As the annual Eid festival is marked across the Muslim world, Asialink Group CEO Penny Burtt says all of us can benefit from reflecting on the hardship faced by near neighbours.
Across the Muslim world over the next two days more than 1.8 billion followers will celebrate the end of the fasting month of Ramadan and the most important festival in the religion’s calendar, Eid al Fitr or, as Malay speakers say, Idul Fitri.
Traditionally, this is a time to be with family. Hundreds of millions of people across the Middle East and Asia who gravitated to cities from small towns and farming villages during urban development booms strive to return home. Australia’s own diverse Muslim communities will gather together to feast, visit family and celebrate the end of the fast.
Eid prompts a great global exodus as people hop on any mode of transport they can find — laden with gifts to reflect their prosperous city life — to beat a path to parents and siblings, and sometimes wives and children, left behind.
This year, it will be different. The COVID crisis has made movement individually and collectively dangerous.
In Indonesia, home to the largest Muslim population, with 240 million devotees, the government has imposed strict mobility controls between 6 and 17 May in the hope of stopping or slowing this annual movement of people from the cities to the countryside, known locally as mudik. Only those with special exemptions are permitted to use roads and board rail, bus and air services.
This is a hard time for individuals and families many of whom have experienced great hardship in the past year, including in our closest Asian neighbour. It is an appropriate time for us too to reflect on the difficulties faced by many countries in our immediate region.
Officially, Indonesia recorded 1.7 million COVID infections and more than 45,000 deaths up to this month. It has left millions of people suffering ill-health and bereavement. Travel bans will compound the stresses. The pull of home is powerful at this time of year – people have been known to go to extraordinary lengths to make it back to family. The Jakarta Post this week told a touching story of a young man who hitched across Java on the back of a smelly food truck to see his widowed mother last Ramadan.
Moreover, many of those trapped in the cities must contend with loss of income. The economy contracted by 1.9 percent in 2020 — a better result than expected — but the recovery is forecast to be gradual and below the rate needed to make a dent in unemployment.
The impact on poverty will depend greatly on the effectiveness of targeted government social assistance, but even with state intervention a recent UNICEF study estimated 500,000 children will fall below the poverty line for at least some period during 2019-2021.
It is often said the fasting month brings out generosity in believers, even as the dozen long, hot hours without food and water between fajr (dawn) and maghrib (sunset) can test one’s resolve and temperament. Abstinence also is accompanied by reflection and recognition of one’s shortcomings both spiritual and temporal.
Over the past year, Australia has demonstrated a willingness to aid its neighbours as we faced our own stresses. But we have not always promoted those efforts very well either in recipient countries or at home and, in any case, we could do more to assist.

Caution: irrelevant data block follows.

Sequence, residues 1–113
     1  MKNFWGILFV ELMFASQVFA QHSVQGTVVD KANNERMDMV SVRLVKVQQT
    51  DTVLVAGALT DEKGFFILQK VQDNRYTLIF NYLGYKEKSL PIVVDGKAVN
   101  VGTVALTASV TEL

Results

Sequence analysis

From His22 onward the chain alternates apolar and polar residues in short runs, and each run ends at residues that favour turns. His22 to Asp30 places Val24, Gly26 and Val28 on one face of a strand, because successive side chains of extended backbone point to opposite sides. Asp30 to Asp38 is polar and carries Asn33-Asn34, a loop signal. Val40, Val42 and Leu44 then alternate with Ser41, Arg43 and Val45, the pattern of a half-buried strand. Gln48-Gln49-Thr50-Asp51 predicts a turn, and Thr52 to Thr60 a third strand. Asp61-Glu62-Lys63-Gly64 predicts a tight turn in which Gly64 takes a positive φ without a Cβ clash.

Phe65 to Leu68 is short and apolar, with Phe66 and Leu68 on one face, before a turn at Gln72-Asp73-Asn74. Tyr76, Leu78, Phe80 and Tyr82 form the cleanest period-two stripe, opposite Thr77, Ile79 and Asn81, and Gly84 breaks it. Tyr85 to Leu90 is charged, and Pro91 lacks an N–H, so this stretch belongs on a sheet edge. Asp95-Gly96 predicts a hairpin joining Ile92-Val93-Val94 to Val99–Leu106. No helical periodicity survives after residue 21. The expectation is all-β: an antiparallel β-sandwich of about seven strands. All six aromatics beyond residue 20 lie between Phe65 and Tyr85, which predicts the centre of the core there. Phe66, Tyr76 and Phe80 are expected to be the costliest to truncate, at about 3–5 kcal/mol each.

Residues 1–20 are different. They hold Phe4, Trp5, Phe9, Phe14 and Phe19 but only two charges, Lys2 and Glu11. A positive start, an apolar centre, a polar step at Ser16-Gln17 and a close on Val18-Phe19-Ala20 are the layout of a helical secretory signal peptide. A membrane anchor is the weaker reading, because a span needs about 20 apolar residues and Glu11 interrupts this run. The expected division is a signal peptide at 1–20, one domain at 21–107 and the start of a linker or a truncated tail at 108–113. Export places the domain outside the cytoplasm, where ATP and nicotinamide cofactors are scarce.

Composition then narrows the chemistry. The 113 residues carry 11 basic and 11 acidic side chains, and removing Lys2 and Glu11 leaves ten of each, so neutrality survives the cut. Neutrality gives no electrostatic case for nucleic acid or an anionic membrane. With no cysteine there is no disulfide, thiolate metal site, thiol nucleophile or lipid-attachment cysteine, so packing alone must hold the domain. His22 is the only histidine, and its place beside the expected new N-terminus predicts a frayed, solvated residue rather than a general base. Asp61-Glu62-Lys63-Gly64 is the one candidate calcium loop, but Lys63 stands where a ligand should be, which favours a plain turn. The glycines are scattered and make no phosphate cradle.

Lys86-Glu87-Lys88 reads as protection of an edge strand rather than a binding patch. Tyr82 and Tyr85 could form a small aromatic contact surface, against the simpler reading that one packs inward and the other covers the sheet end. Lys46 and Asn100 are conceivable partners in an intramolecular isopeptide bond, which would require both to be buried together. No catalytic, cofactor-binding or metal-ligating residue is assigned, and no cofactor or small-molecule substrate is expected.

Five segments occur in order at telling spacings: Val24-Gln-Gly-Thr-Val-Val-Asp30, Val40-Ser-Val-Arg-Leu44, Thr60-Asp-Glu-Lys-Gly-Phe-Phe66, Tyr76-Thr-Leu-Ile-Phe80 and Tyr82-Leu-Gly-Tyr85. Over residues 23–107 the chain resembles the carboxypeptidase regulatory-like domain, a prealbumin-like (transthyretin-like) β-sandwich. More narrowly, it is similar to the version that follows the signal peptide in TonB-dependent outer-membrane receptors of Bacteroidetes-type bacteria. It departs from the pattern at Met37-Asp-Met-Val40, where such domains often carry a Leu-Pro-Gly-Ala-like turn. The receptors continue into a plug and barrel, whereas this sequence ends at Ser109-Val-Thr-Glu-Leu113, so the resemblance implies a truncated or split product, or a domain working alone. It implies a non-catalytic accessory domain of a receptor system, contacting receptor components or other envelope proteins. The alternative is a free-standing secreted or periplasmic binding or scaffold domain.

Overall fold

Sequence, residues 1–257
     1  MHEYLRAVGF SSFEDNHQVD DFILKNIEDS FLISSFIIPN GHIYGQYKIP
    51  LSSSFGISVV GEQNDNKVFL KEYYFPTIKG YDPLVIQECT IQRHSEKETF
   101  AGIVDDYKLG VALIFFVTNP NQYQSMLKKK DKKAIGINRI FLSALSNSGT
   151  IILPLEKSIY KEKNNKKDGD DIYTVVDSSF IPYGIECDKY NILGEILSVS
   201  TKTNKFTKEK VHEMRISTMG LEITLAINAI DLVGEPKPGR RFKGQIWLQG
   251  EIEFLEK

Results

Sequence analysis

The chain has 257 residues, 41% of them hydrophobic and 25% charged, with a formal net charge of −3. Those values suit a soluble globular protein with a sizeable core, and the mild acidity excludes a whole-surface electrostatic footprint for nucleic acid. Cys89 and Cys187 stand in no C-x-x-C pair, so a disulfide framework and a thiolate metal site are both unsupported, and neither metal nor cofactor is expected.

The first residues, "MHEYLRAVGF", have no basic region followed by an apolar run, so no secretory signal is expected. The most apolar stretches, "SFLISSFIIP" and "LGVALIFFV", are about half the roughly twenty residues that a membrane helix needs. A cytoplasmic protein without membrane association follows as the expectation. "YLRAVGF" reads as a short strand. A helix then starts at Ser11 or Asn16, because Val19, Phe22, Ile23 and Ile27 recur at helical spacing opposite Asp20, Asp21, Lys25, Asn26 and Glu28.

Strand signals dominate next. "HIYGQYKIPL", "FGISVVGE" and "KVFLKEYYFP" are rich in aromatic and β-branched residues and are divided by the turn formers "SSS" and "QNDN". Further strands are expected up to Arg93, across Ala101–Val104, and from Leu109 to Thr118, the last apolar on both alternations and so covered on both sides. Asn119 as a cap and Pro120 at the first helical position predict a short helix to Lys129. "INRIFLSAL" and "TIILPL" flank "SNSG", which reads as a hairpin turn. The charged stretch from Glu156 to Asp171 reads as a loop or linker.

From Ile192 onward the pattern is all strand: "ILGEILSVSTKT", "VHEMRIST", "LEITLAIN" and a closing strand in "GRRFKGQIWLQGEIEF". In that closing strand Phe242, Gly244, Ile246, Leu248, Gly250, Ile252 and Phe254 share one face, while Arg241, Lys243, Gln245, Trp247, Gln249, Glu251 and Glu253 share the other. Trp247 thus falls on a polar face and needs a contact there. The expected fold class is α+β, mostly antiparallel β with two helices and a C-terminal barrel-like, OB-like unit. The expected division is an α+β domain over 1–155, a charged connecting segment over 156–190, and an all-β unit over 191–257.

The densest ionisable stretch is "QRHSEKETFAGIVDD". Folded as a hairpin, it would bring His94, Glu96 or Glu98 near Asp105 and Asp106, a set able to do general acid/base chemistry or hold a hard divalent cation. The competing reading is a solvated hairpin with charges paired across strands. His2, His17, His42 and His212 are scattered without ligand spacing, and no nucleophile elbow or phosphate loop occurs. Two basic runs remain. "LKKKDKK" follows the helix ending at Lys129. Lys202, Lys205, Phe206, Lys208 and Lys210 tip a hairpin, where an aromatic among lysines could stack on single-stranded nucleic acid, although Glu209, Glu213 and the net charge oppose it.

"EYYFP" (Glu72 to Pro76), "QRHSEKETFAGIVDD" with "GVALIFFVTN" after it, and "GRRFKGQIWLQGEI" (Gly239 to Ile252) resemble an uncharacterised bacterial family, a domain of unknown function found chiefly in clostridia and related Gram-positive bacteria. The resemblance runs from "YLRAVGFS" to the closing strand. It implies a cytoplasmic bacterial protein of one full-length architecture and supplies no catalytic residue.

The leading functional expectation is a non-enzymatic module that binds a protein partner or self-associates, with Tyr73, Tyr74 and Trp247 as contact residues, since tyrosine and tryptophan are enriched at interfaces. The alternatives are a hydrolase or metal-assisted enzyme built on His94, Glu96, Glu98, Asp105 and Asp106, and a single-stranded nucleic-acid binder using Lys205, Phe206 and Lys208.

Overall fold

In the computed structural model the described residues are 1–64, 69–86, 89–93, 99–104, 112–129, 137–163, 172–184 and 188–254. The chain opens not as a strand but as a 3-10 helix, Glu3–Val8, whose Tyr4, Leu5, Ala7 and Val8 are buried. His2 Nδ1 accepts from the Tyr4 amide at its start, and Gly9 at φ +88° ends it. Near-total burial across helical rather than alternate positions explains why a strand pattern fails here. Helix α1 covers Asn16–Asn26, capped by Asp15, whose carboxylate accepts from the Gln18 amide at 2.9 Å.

There is a view that Australia should take care of itself first before it seeks to help others. This would be a mistake.
We are a prosperous and relatively large country. We have so far come through the entwined health and economic crises reasonably well. We ought to be able to multi-task. As Gareth Evans colourfully put it, if you can’t ride two horses you shouldn’t be in the circus.
Thus, while we experience duress ourselves, helping our near neighbours demonstrates compassion and strength. And even if the calculus is a hard-headed one — in a world of increased uncertainty, of near strategic challenges, where we are compelled to spend billions more on defence — a relatively modest investment in aid and diplomacy might well produce a disproportionately large reward.
We also have to look beyond our current circumstances to the world where COVID is possibly endemic. We have been relatively cocooned for more than a year. At some stage, we must emerge from this state and find a way to re-engage with other countries, especially those in our immediate region.
We need to be planning now for when and how to re-engage so that businesspeople, scholars, students, tourists and migrants can move across borders in a way that recognises, yet manages, risk.
It is likely to be a very long haul be we can return to a world that resembles 2019 – if ever. The post-pandemic, if not post COVID, world its likely to pose fresh challenges that we should prepare to meet now by seeking greater engagement and solidarity with our region, not less.
It is usual practice in Islam to acknowledge mistakes and faults at this time of year. At the time of the feast to mark the end of Ramadan, one of the uplifting traditions is to ask forgiveness of family and close associates. The phrase used in Indonesia is mohon maaf lahir dan batin.
An event like a once in a century pandemic is bound to involve a few missteps. Countries and governments everywhere have made them. The goal should be to learn from them and ensure we emerge as resilient domestic and international communities. Regardless of one’s personal beliefs and faith, the spirit of reflection this Eid is important for us all.
Penny Burtt is the Group CEO of Asialink, University of Melbourne.